Offering local foods on the menu is the beginning point for becoming a more sustainable restaurant.  However, sustainable practices are needed in all areas of operations to be a sustainability leader.  Community involvement, waste reduction, food safety and efficient operations are critical components of running a sustainable establishment.  Funkee’s is well on its way to becoming a sustainability leader in its community due to its actions within its community and its excellent sustainability practices. 

About Funkee’s Cafe

Funkee’s Café is located in Marion, Arkansas.  Funkee’s serves Italian gelato, gourmet coffees, authentic New Orleans shaved ice and a variety of fresh deli sandwiches.  Funkee’s was founded by local businesswoman Mary Singer in 2015. 

Mary Singer – Owner
Telephone: +1 (870) 559-4072
Email: info@funkeescafe.com
Twitter: https://twitter.com/funkeescafe
Website: http://www.funkeescafe.com/

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Gelato…Shoes…and Marion, Arkansas: The Italian Connection…

Buying shoes…it’s got many a woman in trouble. In my case, though, it’s not the local BOGO sales—it’s Italy. Husband Peter and I went annually to Italy for fourteen years, buying shoes. It was a business thing, a personal thing. “Good” shoes you can get anywhere. Great shoes you can find made in several countries—England, the USA, Canada, and more. Superior shoes, the finest shoes, shoes of the most superb craftsmanship…For those, give me Italy. Select leathers, perfectly tanned, luxuriously finished…lasting and sewing by some of the finest shoemakers in the world…Don’t get me started!

Wandering the cities and towns of Italy, you can’t help stopping to sample the food. “Sample,” in my case, however, might under describe. As an American, I’d always been a bit of an ice cream fiend. Those first Italian trips, though, brought me to gelato. And, especially, to the combination of gelato and coffee. 

So what’s the big deal with this “gelato” stuff? Isn’t gelato just the Italian word for ice cream? Yup. Word-wise, that’s it. But if you’re Italian, or a connoisseur…you just know the difference.

Gelato—whichever of its endless recipe variants you try—involves less of four things than ice cream. 

Less sugar—everyone from moms to weightwatchers has to go for that.

Less fat. It’s called ice cream for a reason. Do your arteries need all that? Gelato involves the use of much healthier milk, far less cream.

Less air. Did you know ice cream was whipped at high speed especially to bulk it up with air? The supermarket ice creams you buy may be as much as a quarter or more pure air? Do you need to pay for that? Gelato isn’t puffed up that way. It’s denser, more flavorful.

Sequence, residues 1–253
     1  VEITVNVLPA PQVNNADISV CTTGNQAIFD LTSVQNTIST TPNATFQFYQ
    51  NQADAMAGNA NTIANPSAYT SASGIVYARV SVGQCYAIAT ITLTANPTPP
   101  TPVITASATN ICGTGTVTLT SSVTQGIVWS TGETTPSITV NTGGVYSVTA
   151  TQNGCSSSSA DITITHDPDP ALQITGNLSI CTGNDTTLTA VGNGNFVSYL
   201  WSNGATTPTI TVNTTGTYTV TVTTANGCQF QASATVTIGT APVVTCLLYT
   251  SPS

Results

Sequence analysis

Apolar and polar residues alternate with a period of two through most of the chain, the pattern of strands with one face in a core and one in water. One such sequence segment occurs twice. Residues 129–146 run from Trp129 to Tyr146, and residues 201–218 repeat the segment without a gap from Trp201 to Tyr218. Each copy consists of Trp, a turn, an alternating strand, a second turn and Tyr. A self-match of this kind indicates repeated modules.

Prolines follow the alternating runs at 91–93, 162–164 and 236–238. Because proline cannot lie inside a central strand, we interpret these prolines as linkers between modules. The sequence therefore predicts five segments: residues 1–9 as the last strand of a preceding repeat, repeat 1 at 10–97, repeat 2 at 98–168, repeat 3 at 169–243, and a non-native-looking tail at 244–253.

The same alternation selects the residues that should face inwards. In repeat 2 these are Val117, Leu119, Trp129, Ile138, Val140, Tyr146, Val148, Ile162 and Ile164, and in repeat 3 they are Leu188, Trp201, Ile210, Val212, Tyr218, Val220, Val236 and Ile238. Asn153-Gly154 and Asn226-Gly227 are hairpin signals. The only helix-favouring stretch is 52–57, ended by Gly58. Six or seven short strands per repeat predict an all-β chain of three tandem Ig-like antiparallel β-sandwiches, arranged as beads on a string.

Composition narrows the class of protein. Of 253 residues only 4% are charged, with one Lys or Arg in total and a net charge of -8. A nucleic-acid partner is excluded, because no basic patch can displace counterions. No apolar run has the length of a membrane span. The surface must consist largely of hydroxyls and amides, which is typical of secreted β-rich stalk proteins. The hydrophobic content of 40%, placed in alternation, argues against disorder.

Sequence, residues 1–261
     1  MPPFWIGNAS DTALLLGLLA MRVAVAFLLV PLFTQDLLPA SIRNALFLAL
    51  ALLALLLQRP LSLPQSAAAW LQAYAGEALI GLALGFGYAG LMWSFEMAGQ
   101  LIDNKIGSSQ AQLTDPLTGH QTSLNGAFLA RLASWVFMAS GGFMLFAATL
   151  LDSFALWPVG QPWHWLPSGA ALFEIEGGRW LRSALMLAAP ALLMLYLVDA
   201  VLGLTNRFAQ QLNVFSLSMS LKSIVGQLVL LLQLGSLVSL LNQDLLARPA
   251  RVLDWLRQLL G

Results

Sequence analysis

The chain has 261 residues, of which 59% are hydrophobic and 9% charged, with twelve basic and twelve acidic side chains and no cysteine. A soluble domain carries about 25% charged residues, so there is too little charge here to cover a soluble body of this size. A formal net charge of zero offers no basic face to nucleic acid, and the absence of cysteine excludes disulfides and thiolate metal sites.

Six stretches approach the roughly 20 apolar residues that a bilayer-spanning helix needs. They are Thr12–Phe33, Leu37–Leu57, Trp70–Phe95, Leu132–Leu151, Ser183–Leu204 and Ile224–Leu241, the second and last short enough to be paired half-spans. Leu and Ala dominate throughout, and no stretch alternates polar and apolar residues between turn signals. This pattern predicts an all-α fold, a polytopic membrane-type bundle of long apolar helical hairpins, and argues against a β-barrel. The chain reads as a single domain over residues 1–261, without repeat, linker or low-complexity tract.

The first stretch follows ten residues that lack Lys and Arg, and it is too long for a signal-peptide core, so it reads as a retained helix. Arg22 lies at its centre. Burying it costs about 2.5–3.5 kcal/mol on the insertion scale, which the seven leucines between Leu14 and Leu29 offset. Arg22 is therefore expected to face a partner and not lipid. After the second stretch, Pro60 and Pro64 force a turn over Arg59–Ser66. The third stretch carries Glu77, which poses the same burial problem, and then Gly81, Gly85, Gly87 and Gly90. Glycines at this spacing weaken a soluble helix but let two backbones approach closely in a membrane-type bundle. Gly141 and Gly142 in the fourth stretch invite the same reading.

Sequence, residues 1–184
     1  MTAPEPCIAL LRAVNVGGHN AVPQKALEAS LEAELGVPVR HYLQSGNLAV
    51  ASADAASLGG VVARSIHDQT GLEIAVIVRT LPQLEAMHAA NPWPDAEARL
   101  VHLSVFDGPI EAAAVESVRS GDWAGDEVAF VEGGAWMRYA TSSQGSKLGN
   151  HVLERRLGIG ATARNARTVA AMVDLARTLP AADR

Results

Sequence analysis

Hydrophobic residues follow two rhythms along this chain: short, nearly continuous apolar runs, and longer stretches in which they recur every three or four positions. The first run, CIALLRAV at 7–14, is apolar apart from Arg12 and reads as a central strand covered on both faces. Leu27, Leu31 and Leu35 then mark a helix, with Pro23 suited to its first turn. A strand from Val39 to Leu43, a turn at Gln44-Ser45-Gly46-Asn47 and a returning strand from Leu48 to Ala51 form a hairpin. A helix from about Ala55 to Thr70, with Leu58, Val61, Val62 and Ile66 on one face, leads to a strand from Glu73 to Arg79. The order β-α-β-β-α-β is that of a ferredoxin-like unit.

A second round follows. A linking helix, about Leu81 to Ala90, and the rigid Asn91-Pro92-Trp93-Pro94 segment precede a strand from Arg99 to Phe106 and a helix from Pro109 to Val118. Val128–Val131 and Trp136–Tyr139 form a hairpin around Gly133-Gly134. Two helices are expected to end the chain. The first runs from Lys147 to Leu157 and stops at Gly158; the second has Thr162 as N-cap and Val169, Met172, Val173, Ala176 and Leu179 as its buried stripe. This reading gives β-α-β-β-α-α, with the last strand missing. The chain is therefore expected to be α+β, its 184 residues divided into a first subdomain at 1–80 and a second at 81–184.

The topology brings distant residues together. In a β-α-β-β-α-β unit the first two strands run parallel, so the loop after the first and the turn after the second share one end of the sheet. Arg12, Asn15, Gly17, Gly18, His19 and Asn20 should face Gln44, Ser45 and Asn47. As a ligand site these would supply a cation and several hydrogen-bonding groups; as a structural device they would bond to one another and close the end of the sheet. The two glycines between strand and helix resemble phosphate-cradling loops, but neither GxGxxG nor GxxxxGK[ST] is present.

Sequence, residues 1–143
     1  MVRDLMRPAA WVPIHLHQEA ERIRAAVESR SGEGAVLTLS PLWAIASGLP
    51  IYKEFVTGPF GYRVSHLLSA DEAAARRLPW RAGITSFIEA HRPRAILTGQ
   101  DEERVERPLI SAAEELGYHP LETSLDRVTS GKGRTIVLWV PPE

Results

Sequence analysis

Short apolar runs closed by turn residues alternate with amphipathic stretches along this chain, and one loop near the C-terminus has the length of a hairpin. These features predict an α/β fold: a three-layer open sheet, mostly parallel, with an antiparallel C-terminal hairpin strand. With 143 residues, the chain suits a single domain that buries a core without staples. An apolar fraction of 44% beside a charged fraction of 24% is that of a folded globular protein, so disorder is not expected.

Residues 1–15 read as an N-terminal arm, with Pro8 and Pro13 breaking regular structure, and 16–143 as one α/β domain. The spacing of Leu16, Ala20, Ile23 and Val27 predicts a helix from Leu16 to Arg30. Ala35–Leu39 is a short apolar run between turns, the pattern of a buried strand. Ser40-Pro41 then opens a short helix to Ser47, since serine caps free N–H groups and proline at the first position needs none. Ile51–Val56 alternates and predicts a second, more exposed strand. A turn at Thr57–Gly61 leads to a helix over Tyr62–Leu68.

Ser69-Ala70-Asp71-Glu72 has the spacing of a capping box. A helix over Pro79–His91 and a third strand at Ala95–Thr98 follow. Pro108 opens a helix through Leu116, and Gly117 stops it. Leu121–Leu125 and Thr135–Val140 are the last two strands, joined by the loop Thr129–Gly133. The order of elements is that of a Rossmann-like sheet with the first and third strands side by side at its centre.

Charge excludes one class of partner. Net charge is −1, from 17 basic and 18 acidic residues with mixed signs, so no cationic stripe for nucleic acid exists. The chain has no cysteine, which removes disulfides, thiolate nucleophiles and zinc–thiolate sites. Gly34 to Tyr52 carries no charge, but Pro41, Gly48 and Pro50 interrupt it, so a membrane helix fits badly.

And finally…less haste. Much less haste. As in: None. Ice creams are manufactured. Good gelato is crafted—every bit as much as those fine Italian shoes. 

Goodbye, ice cream…

And hello, Funkee’s Cafe!

Funkee’s Cafe is my new venture…A brand new coffee and gelato bar, tucked neatly inside a strip center in Marion, Arkansas, just over the Mississippi River from Memphis, Tennessee. 

Arkansas? Yes, indeed…Marion, Arkansas is home to a substantial population of Americans of Italian heritage. They’ve been here, and they’ve been arriving, since before the murderous yellow fever epidemics of the 1870s. Originally mostly workers in agricultural businesses, they now engage in a hundred different occupations. American though they be, they keep alive their Italian heritage. And many know their gelato. Not to mention their coffee.

About great gelato, there’s so much to say. How it’s different from North American ice creams. Why it works as a gourmet delight…and as an everyday treat. How we make it. What it’s like to attend school with a great gelato maker. And how we at Funkee’s Cafe hope to serve not only great coffee, great gelato and other fine foods, but to serve Marion and eastern Arkansas and the Memphis area with a new business vision, new opportunities, and so much more.

The blogs will roll out fast, so watch! And when you can, drop in—we’d love to see you!

 

Bio

Thank you and have a Great Day,

Mary

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Gelato/shaved ice/sliders restaurant opening in October

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Gelato/shaved ice/sliders restaurant opening in October

By Meagan Nichols - Staff Reporter Memphis Business Journal

Oct 8, 2015, 2:59pm CDT

It’s over the river and down the bridge to Marion, Arkansas, we go, for a new dining option.

Funkee’s Café, located at 2895 Highway 77, Suites 2 and 3, will open to the public in late October.

The restaurant will have Italian gelato, gourmet coffees, New Orleans shaved ice, various yogurts and other light meal options. Mary Singer, Funkee's owner, said they plan to use farm fresh ingredients.

“We want to keep residents of Marion from having to drive across the river in search of premium coffee, shaved ice, sliders and other food delicacies,” Singer said, in a release. “And just as much, we want to give the Mid-South a reason to cross over the bridge to enjoy what we offer. They’ll find the trip’s well worth it.”

Singer said she wants Funkee’s Cafe to become “Marion’s place.”

“We’re not a chain,” Singer said. “We’re local. Our employees are local. Our purpose is to serve the local community.”

An event room at the restaurant is also available for functions.